The public has forgotten the dire predictions of Family Radio host Harold Camping. In 2011, Camping declared the rapture would occur on May 21st. When that date came and went, Camping's image was permanently damaged and he remained in obscurity until his passing. However, while it may be easy for us, in hindsight, to dismiss Camping's predictions, in reality a sense of doom is very easy to cultivate. Catastrophic thinking can end up taking legitimate problems and blowing them so far out of proportion that the believer is thrust into a state of constant fight-or-flight mode.
After the 2016 election, it’s not difficult for liberals to feel a sense of doom. Even presented in a non-sensationalized manner, there are plenty of headlines that will set off alarm bells. While some are becoming more politically active, others have begun to form survivalist and prepper groups online. Voactiv has reported an increase in liberal survivalism since Trump's election.
Survivalism has long been associated with conservative thought, but clearly the sense of fear that produces this behavior has no political stripe. What the public doesn't know is that this is the second wave of liberal survivalism within the past decade. The first occurrence began when the worst-case scenarios involving peak oil and climate change fueled an ecological panic. Dire predictions of oil shortages, economic turmoil, and a massive culling of the human population became popular talking points. But eventually, that faded away from mainstream discussion as recovery occurred.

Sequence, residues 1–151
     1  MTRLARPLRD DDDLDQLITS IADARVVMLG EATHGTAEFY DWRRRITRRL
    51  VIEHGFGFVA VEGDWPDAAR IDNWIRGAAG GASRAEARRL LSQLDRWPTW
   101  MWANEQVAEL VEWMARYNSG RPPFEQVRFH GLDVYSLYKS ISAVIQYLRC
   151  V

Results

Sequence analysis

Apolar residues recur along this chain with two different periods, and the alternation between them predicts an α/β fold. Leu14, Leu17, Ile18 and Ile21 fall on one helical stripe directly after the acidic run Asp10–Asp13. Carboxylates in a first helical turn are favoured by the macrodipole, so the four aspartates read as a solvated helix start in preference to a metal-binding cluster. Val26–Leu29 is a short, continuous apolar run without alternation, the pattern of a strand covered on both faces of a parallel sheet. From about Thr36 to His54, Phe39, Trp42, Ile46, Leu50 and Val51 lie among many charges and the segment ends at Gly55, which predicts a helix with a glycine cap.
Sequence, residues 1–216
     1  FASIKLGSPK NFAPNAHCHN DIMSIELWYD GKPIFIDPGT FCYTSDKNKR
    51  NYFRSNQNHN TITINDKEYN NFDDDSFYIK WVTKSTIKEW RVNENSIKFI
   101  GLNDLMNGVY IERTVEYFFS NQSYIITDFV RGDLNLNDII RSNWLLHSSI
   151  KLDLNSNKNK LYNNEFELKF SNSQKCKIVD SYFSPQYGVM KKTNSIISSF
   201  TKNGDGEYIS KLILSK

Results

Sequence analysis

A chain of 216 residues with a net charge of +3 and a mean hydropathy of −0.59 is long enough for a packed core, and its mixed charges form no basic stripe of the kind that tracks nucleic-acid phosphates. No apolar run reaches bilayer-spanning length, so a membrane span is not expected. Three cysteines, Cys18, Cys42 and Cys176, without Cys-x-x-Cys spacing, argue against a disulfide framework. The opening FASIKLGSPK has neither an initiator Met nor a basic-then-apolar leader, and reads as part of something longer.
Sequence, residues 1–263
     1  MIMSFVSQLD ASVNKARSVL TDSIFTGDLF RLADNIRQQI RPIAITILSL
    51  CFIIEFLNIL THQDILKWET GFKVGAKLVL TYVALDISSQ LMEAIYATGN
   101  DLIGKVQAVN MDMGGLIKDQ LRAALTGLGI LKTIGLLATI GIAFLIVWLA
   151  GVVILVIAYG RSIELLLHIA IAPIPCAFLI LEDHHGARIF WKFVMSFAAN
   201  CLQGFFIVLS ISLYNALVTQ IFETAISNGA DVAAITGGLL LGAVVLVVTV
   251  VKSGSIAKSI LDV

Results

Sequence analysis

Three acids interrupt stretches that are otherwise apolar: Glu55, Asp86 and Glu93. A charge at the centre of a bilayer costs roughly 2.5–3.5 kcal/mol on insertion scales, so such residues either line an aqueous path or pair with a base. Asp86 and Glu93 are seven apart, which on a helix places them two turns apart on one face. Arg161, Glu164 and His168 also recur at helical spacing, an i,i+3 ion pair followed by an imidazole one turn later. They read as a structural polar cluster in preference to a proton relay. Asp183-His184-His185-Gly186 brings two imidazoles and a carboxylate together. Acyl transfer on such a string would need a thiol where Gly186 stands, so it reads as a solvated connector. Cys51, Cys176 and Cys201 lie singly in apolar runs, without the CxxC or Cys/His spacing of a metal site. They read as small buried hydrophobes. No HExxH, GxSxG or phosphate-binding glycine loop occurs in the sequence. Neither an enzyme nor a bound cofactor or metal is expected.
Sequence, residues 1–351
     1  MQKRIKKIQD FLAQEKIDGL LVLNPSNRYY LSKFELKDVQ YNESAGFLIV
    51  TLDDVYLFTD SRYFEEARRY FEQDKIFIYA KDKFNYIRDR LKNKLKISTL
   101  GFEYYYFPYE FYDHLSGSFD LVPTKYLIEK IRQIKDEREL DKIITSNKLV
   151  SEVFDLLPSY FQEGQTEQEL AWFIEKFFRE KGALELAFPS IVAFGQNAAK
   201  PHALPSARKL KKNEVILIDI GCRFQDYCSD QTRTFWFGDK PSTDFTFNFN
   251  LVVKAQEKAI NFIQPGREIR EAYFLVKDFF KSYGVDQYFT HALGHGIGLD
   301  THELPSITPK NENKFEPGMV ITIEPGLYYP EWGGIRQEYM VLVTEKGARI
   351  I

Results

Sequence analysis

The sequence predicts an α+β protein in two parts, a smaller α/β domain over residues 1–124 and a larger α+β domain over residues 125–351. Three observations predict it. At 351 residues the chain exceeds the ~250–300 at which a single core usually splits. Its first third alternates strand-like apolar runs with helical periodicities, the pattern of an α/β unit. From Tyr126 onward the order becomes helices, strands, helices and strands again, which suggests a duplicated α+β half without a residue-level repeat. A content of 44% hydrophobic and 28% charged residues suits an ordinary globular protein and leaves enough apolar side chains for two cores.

But survivalism offers little in the way of making lives better for other people. It focuses inward, protecting the self and those aligned with it from a hostile world. Its indifference to the innocent and the bystanders makes for a worldview in which apathy becomes a justified response. The perceived inevitability of the apocalypse drains the desire to make the world any better. Relationships with other people can also afford deterioration, since the stakes are perceived to be one's very own survival.
Going off the grid and stocking up for a day of judgment is not going to solve the problems that America currently faces. The people who have the ability to make a difference are better suited working in their communities. A closet stuffed full of guns and canned foods will do little to solve the real issues faced by the American people. Instead of preparing for a collapse, it’s best to focus energies on a productive solution. We can start by ditching the idea that doom is the only possible outcome.